Archive

Archive for 23 September 2011

The “Free Market” is a fair-weather friend.

23 September 2011 3 comments

Ir seems quite likely that New Zealand will soon be joining the ranks of Japan and San Francisco, where earthquake insurance is either highly expensive, or unavailable to home owners,

.

Full Story

.

Earthquake Recovery Minister Gerry Brownlee may chest-thump and bellow till the cows come home, but if insurance companies – as Chris Ryan is suggesting – no longer consider New Zealand property a safe risk to insure against earthquakes, then he had better start taking notice.

Internationally, the insurance industry has been hard-hit after the severe floods in Queensland; two major quakes in Christchurch; and a triple-whammy in Japan; earthquake, tsunami, and atomic reactor disaster.  Insurance companies have been hard hit, as Reuters reported in March,

“Some analysts said the disaster, combined with heavy losses already suffered this year from floods in Australia and last month’s New Zealand earthquake, could push up global insurance prices, boosting insurers’ shares.

“In our view the loss will be so large that it will probably provide the trigger to ensure a re-rating of the non-life sector,” Panmure Gordon analyst Barrie Cornes wrote in a note.” Source

Climate-related disasters were also impacting on the insurance industry,

“Climate change is largely to blame for Australasia putting in almost a quarter of the world’s natural disaster insurance claims last year.

Data from major reinsurance provider Munich Re, shows that from 1980 to 2009, Australasia was responsible for 3% of natural disaster insurance claims in dollar terms. But after the Christchurch earthquake, floods in Queensland, and enormous hailstones in Melbourne and Perth, that skyrocketed to 22% last year.

Munich Re, in its own report on the deluge of natural disasters, said climate change “is real and continuing” and cited floods in Pakistan and wildfires caused by a heatwave in Russia. The Christchurch quake was not climate-change related.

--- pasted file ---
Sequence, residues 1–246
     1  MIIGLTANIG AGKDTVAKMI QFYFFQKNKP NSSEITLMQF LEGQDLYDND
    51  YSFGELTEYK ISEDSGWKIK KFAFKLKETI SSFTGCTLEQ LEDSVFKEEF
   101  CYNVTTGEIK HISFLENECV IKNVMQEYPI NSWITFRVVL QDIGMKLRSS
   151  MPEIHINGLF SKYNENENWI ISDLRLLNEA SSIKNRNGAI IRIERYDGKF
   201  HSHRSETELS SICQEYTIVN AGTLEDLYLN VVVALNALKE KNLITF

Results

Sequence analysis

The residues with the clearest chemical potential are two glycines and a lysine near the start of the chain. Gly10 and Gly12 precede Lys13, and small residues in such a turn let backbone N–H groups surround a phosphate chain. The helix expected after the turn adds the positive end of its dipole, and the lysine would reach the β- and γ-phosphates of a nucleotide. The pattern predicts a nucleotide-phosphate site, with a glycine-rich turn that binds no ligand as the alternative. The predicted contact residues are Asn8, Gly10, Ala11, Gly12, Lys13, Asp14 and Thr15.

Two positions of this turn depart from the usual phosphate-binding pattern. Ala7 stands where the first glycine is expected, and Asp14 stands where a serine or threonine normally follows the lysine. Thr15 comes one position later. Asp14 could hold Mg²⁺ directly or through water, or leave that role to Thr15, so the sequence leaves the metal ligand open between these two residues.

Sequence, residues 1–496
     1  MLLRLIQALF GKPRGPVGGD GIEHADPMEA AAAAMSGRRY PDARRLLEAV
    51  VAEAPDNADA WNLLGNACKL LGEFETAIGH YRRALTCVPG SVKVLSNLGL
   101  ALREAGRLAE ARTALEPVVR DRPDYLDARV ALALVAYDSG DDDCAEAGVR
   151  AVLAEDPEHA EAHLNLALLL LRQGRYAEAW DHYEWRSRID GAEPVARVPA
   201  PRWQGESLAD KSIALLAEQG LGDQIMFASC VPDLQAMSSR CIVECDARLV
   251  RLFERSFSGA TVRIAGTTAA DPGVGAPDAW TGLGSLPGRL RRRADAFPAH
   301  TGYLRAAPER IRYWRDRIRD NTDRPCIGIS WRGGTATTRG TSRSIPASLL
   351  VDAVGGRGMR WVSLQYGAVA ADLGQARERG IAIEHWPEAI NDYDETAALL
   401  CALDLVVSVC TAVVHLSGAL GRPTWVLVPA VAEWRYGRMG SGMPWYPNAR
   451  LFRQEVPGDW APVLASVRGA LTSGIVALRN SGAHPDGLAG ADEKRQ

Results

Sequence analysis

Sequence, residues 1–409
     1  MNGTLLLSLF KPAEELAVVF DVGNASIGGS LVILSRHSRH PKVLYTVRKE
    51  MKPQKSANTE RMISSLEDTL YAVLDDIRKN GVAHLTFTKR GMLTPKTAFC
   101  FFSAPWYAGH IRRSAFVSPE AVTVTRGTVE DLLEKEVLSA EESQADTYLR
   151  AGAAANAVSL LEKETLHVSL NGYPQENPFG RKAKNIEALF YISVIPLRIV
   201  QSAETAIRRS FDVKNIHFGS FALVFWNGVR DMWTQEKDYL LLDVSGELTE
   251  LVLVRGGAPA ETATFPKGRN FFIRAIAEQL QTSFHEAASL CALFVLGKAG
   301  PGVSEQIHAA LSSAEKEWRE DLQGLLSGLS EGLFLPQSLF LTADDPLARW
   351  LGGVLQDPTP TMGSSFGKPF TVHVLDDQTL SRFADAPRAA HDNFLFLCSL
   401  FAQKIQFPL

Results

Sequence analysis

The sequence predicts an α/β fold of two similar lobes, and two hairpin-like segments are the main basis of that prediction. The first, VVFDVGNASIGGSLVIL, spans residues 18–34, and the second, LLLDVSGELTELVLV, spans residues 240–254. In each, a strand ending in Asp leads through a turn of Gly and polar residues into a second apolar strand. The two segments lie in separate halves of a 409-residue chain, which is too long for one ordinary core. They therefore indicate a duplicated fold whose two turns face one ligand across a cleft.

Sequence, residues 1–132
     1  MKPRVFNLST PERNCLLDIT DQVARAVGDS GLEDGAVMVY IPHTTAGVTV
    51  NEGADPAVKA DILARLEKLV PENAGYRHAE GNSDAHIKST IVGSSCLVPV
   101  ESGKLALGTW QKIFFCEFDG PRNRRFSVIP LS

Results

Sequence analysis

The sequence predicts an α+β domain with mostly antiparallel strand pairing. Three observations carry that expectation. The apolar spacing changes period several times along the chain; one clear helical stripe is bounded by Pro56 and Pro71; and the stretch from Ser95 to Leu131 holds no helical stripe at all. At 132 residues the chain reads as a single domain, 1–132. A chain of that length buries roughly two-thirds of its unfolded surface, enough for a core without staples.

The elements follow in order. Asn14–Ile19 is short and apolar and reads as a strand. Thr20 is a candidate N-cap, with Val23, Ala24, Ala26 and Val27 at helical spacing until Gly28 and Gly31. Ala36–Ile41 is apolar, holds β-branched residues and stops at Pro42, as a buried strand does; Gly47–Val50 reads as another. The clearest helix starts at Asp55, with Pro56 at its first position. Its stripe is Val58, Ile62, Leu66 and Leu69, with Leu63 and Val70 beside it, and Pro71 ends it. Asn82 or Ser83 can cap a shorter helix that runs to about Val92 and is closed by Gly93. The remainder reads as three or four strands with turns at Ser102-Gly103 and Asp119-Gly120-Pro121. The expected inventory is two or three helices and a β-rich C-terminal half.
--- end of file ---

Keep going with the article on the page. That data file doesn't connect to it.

Munich Re said 2010 was one of the warmest years since 1850 and featured the second-highest number of loss-related weather catastrophes since 1980, when it started keeping data.

Niwa principal climate scientist Dr James Renwick agreed that weather events like heavy rain were linked to global warming. “It’s possible part of the change since the 1980s is natural variation, but I’m sure there’s a climate change component. We know the globe has warmed and it’s well-documented that the occurrence of extreme rainfalls around the world has increased in a way that’s consistent with the climate models,” he says.

“It’s just what you’d expect – you warm things up, more moisture, more energy, more rain falls. There’s definitely a climate change component in extreme rainfalls around the world.” ” Source

So it seems a little strange that Gerry Brownlee is (a) attempting to dismiss Chris Ryan’s warnings as “scaremongering” and (b) is in denial that re-insuring properties in this country will not be a major problem in future. Of course it will be a problem! How can it not?

Insurance companies and their re-insurers have suffered billions of dollars worth of claims over the last year – $34 billion estimated for the Japanese ‘quake and tsunami, alone, according to a Bloomberg report.

Mr Brownlee should know how the free market works. After all, his party – National – espouses the doctrine of the free market as part of it’s core-philosophy.

Even as we face the prospect of the insurance industry abandoning  New Zealand households – we may be  left  to our own devices when it comes to insurance. Which may be the EQC.

Whilst the EQC is not a full-insurance company in the sense of Tower, AMI, AMP, etc, it has provided a level of protection to New Zealanders since it’s inception in 1945.

The only thing is – it’s broke. Two calamitous earthquakes in Christchurch have effectively emptied the Commission’s ‘war-chest’. Source. As John Key said in February of this year,

“”The good news part of the story is that EQC had about $6 billion before that (quake), that’s going to be exhausted, but we pay in on a continuous basis and we had significant re-insurance in the order of $5b, that will be exhausted.””  Source